The Wende Museum | Preserving Cold War History

It may not seem as obvious as in other parts of Los Angeles, but Culver City is a vibrant arts and cultural community, with plenty of galleries, museums and other cultural institutions intermixed with hotels, dining establishments, movie studios and retail. One of our favorite places to gather—when gathering was/is appropriate—and to recommend to our guests is the Wende Museum, which houses the world’s largest collection of Cold War-era artifacts outside of Europe. We had the opportunity to dive deep into the museum’s inspiration, collections, and cultural offerings when we chatted with its founder and chief curator, Justin Jampol. A must-read for all the history buffs out there!



You are an LA native with an education and a passion for history. What inspired you to open the Wende Museum, which has become the largest collection of Cold War-era artifacts and artwork outside of Europe?

As an outsider—a born and bred Angeleno—and a historian interested in people, the faces behind the these events, I saw value in showcasing the objects, artworks, documents (and so on) that became painful reminders of a former life, and were otherwise sold off, discarded, or destroyed en masse. These materials ranged from the quotidian to the extraordinary—a box of instant coffee to a gilded sword gifted to Eric Honecker by Saddam Hussein. I knew they had an incredible story to tell.

The name of the museum, Wende, is a German word meaning “turning point” or “change.” It’s used to describe the heady period of uncertainty leading up to the fall of the Berlin Wall and the air of possibility that followed it.


We fondly remember the museum’s opening party where you launched your Beyond the Wall catalogue in partnership with publishing house Taschen Books. Can you tell us more about this partnership with Benedikt Taschen?

In his blurb for our catalogue Beyond the Wall, published by Taschen Books, Steve Martin described the materials in our East German collection as “quirky, human, and curiously emotional.”  In the same sentence he calls them “highly-charged.” Fully aware that Steve Martin could have written just about anything and I would have loved it, I was struck by how well he’d distilled the objects in our collection and what it was that drew me to them in the first place. The materials Steve Martin was referring to are the materials of a place that no longer exists, the detritus of change on a massive scale.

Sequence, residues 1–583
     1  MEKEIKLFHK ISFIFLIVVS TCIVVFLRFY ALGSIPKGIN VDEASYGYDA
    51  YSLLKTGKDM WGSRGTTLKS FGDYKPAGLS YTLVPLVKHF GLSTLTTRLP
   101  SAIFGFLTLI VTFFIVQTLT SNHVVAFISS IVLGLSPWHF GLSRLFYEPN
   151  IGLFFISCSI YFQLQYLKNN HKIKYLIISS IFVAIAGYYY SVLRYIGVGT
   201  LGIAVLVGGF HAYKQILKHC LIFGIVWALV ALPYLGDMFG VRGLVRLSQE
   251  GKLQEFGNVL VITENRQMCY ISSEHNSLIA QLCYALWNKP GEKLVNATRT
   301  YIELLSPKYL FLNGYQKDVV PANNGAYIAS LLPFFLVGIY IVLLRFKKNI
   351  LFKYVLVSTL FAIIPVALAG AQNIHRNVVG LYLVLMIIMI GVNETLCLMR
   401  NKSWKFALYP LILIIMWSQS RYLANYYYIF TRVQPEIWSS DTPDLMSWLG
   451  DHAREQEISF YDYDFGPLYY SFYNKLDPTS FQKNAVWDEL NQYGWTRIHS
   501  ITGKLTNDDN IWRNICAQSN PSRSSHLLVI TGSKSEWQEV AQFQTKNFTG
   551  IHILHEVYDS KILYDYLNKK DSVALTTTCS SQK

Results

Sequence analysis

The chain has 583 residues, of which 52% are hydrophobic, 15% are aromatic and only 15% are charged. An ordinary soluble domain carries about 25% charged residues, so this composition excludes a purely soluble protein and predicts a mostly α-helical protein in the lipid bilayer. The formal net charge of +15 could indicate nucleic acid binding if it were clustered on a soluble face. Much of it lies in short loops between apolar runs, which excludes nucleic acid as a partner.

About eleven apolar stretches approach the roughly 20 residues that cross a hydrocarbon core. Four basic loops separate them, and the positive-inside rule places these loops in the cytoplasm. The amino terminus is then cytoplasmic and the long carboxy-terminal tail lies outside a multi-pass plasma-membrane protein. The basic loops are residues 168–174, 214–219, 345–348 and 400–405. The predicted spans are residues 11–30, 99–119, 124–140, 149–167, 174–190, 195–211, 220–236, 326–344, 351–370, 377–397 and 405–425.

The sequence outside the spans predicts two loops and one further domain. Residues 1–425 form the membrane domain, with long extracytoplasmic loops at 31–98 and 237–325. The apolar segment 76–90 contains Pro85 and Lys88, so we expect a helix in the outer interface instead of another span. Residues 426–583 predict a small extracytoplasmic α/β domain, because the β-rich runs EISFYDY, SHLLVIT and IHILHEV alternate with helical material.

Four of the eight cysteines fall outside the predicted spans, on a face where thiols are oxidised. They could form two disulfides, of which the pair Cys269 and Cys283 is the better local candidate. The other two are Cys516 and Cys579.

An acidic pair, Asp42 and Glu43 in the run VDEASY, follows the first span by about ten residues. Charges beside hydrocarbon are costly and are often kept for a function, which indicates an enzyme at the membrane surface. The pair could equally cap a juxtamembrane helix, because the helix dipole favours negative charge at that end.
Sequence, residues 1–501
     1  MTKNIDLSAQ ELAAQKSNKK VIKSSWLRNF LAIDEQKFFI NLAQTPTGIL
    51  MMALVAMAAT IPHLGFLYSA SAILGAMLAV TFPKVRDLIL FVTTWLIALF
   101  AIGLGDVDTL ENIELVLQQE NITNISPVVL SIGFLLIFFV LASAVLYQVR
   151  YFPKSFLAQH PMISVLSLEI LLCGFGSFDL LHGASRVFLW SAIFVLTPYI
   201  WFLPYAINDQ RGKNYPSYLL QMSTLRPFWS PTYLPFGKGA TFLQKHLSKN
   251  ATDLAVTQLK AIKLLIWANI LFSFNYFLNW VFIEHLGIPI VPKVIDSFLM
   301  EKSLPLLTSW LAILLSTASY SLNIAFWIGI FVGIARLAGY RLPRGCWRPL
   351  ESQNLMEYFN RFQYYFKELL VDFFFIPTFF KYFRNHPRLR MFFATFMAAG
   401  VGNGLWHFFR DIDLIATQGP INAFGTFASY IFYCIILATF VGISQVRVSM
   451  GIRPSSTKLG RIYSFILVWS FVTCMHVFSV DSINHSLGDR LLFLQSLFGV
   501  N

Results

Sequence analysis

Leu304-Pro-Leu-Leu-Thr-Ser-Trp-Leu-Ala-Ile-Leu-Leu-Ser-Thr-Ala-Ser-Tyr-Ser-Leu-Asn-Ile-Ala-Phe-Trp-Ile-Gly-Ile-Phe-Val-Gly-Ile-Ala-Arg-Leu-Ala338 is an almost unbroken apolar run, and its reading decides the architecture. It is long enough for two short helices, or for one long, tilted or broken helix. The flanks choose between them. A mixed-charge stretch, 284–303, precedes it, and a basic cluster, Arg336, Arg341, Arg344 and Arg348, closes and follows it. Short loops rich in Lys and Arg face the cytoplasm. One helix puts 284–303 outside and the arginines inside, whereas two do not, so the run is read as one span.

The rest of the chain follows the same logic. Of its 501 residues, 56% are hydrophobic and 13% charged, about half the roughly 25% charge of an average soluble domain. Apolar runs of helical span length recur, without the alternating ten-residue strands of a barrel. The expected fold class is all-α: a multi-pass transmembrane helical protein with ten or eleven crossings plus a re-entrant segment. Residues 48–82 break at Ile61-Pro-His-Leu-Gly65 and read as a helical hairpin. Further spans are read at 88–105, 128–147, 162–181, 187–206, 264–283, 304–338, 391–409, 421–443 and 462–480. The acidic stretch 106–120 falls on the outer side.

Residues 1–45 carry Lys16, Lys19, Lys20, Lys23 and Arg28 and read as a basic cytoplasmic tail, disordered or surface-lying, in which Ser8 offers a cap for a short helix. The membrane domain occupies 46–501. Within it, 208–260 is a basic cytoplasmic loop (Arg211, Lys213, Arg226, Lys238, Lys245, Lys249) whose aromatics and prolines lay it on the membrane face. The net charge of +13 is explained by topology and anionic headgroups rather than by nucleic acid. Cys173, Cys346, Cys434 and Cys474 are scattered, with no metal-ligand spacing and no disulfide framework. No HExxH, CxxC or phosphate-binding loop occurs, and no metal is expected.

What can visitors expect to see at the Wende Museum?

On any given day, visitors to the Wende Museum might encounter Culver City community members gathering in the garden for yoga, museum-goers on an exhibitions tour led by our Chief Curator, Joes Segal, or students taking art-making workshops inspired by our current exhibitions.

You’ll also have a clear view of the collection through our Open Storage displays, films playing in our film lab, and I’m sure one or museum staff members carting items across the museum campus as they digitize and catalogue collection items.

If you stick around till evening, or come back after refueling, you might see a free concert by esteemed local musicians as part of our Music at the Wende series, catch a film screening, or a chance to graffiti fabricated pieces of the Berlin Wall with a street artist if you’re a high school student.